I originally published this post on 3/24/14 at 11:59 PM and updated it on 3/25 at 8:59 PM after having time to find links to various court documents.
Mountaintop removal affects an estimated 12 million acres located in the Appalachian Mountains of Kentucky, West Virginia, Virginia, Tennessee, Pennsylvania, and Ohio.
In the latest episode of the coal wars, as the House prepares to vote on HR 2824 which would shackle the Obama administration from any effort to save the mountains and water in those states, Willie Nelson has joined the effort, Music Saves Mountains. The Natural Resources Defense Council-produced YouTube video ironically juxtaposes Nelson's rendition of America the Beautiful with scenes of the destructive mining practice. Other artists involved in this project against mountaintop removal include Emmylou Harris, Dave Matthews, Sheryl Crow, Kathy Mattea, Naomi Judd, Justin Townes Earl, and Ben Sollee.
The so-called "Preventing Government Waste and Protecting Coal Mining Jobs in America" would amend the Surface Mining Control and Reclamation Act of 1977 to implement President Bush's 2008 parting gift to the coal industry: repeal of a 100-foot buffer rule in the Clean Water Act, thus allowing companies to dump mining waste directly into streams.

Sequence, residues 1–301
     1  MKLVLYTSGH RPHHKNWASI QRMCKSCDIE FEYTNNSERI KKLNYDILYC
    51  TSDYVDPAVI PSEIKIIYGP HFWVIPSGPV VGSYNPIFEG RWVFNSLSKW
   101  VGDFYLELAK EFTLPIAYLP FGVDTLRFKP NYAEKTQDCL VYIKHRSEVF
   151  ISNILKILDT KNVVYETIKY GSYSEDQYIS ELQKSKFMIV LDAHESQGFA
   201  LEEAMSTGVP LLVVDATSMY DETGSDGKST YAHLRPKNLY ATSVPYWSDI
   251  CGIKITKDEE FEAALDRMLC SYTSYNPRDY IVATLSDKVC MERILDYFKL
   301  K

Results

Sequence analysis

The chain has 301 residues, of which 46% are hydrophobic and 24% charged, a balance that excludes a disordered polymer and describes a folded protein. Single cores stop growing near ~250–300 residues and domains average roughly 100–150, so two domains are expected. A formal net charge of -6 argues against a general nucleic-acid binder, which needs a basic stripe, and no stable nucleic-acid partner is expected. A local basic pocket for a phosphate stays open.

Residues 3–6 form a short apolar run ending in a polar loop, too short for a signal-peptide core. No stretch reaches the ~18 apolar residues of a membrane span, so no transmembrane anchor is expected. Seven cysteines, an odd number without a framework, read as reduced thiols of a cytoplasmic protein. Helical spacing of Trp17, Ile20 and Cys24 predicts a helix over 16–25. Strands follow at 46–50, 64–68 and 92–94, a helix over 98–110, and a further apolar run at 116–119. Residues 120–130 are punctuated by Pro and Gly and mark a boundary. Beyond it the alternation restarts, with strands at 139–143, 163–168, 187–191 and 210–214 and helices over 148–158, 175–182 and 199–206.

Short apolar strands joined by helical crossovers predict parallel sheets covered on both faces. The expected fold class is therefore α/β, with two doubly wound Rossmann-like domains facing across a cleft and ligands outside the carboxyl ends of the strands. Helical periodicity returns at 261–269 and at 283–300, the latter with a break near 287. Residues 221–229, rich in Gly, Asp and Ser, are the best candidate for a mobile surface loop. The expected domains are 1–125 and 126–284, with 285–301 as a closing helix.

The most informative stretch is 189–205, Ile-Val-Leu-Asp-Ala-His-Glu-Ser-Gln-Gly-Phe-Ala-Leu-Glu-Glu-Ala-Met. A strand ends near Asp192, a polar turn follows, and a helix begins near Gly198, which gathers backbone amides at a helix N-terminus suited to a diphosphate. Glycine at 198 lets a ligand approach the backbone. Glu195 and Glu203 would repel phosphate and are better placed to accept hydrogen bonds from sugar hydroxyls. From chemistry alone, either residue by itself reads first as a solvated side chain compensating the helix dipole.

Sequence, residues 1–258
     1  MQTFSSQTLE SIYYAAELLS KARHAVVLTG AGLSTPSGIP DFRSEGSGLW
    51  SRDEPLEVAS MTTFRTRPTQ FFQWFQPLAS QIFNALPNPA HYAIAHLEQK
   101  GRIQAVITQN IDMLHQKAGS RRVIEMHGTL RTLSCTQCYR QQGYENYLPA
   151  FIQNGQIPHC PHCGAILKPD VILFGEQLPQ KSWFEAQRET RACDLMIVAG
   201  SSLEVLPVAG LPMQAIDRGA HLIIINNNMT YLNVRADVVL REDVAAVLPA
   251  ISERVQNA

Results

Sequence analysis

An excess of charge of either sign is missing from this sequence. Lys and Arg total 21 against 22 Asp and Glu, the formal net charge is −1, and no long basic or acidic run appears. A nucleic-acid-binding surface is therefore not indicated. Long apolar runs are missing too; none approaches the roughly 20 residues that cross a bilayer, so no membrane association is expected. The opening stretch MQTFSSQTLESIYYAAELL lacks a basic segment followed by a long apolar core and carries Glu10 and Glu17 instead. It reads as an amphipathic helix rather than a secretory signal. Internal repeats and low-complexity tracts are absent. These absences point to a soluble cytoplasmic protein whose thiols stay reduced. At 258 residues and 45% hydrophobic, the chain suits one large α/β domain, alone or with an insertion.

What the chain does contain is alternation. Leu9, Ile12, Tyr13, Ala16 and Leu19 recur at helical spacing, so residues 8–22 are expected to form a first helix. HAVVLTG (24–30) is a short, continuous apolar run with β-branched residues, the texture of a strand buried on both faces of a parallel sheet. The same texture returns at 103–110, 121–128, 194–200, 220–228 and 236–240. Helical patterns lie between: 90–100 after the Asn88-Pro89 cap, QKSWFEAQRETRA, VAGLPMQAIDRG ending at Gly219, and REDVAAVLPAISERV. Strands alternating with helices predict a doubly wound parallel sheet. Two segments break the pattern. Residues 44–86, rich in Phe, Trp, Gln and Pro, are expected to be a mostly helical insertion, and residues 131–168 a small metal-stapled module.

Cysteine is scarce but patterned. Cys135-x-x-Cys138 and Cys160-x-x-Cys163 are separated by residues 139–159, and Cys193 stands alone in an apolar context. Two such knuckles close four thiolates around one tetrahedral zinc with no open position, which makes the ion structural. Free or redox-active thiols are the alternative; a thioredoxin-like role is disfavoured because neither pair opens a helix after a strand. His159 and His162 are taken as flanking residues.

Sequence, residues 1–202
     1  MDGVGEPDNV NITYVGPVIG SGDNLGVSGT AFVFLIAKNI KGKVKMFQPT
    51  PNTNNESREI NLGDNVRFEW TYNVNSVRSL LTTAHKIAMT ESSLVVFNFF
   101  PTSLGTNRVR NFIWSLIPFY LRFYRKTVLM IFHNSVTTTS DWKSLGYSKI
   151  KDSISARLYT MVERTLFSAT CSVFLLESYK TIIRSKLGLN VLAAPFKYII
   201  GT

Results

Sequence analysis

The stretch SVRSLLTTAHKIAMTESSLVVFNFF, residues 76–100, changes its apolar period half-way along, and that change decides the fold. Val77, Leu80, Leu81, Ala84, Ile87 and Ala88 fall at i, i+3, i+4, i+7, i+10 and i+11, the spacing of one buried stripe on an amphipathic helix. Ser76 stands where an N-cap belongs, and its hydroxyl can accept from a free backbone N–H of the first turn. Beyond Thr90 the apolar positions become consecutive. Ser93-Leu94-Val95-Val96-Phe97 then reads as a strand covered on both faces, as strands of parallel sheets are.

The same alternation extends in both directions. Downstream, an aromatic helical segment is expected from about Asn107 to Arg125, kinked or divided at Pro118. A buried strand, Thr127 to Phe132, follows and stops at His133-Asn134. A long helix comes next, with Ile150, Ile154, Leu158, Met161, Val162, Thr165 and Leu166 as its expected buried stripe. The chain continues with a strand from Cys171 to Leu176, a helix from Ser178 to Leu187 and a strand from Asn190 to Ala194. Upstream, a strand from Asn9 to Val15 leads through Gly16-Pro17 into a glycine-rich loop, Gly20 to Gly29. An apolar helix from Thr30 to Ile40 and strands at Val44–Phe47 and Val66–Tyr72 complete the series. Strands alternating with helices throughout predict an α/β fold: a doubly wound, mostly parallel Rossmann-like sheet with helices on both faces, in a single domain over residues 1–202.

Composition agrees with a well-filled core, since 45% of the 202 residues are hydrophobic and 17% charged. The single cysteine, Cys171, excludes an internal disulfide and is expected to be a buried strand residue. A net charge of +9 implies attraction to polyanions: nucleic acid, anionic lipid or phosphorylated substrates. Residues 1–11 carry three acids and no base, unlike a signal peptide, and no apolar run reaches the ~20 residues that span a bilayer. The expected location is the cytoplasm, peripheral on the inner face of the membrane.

The Bush administration’s failure to enforce the buffer zone law destroyed 535 miles of stream between 2001 and 2005, when he stopped keeping count. The repeal of the buffer zone rule would allow more than 1,000 miles of streams to be destroyed each decade while the "further study" is conducted.
The House vote comes after a February 2014 court decision to invalidate the Bush measure because Bush's Office of Surface Mining had failed in an "arbitrary and capricious" fashion to consult with the Fish and Wildlife Service before issuing the new standards and relied instead on an outdated 1996 biological opinion which did not include current information about the effects of strip mining, especially when it came to informing a rule issued more than a decade later. The suit was brought by the Southern Environmental Law Center on behalf of the National Parks Conservation in 2009. The Judge allowed the suit to go forward despite the Obama administration's contention that there was no longer a case or controversy. Earlier suits on behalf of other environmental groups were settled by a consent decree in March 2010 after the Department of Interior agreed to promulgate a new rule.
U.S. District Court for the District of Columbia Senior Judge Barbara Rothstein wrote in her opinion: "Faced with clear evidence that habitats within stream buffer zones are home to threatened and endangered species and that mining operations affect the environment, water quality and all living biota, OSM's determination that the revisions to the stream protection rule encompassed by the 2008 Rule would have no effect on threatened and endangered species or critical habitat was not a rational conclusion."